Beowulf Essay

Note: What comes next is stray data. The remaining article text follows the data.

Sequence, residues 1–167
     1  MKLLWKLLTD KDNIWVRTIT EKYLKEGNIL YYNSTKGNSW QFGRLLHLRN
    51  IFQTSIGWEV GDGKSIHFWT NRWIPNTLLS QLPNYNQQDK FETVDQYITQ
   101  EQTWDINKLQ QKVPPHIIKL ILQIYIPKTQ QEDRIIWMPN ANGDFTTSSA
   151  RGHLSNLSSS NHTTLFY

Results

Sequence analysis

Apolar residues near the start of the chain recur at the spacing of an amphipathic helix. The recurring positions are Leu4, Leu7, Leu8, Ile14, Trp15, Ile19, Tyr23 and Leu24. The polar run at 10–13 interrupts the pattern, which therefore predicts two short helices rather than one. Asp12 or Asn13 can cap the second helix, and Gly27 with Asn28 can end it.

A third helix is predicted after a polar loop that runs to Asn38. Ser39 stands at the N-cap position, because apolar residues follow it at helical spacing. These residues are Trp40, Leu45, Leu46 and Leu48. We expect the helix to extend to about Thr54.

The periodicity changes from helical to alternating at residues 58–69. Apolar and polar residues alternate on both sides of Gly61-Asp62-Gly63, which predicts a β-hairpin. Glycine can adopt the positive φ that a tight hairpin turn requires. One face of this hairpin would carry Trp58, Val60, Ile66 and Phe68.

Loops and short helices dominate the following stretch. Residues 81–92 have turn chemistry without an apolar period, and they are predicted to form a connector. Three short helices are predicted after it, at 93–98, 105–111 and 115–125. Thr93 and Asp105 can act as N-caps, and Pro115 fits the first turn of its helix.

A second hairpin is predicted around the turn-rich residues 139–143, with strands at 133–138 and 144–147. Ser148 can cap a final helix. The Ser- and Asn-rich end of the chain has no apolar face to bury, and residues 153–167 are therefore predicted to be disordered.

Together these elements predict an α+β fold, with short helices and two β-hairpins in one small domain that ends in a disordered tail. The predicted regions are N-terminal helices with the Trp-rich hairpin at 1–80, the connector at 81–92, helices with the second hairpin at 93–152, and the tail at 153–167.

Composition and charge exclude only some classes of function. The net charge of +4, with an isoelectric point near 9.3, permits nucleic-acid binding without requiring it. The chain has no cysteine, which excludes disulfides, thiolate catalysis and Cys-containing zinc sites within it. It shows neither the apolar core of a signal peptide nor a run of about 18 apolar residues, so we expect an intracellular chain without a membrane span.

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Beowulf: A Christ Figure The epic poem Beowulf presents an array of pagan influences, but Beowulf himself is frequently presented as a literary Christ-figure throughout the text. Rather than having one specific author, this poem was part of an oral tradition, and it was composed circa the eighth to tenth century. It was often told to groups of people out loud by a scop, which is someone that tells a story they have memorized. Beowulf takes place between the fourth and fifth century. During this time period, Christianization is attempted by Emperor Constantine of Rome. Since it was written about an earlier time period that was not yet Christianized, scops would begin to add Christian influences to the poem so it would be more pleasing to the audience. In the poem we see many different instances of Beowulf described as, and acting like, a savior, a purger, a cleanser, and a healer. When Beowulf hears about Grendel’s excursions in Heorot, he knows it is up to him to save the community. He gathered his soldiers and then set sea. When he arrives to the Danes he tells Hrothgar that he has heard of their struggle and he is there to fix everything. He boasts about how he has slain sea-monsters and nixies (l 374). Beowulf says, “I and my officers, we and no others, be offered the honor of purging your hall” (l 383). Much like Christ, Beowulf knows in his heart that it is hit duty to save these people, and to purge Grendel from their town. Beowulf leaves Hrothgar to find Grendel and, “As leader of twelve trailing that terror, the greatest of Geats glowered with rage when he looked on the lair where the worm lurked” (2117). Exactly like God and his twelve disciples, Beowulf has twelve soldiers with him to help him kill the monster. Many soldiers have died, but Beowulf succeeds in killing Grendel. He cleanses the town of the terrors that Grendel fell upon them day in and

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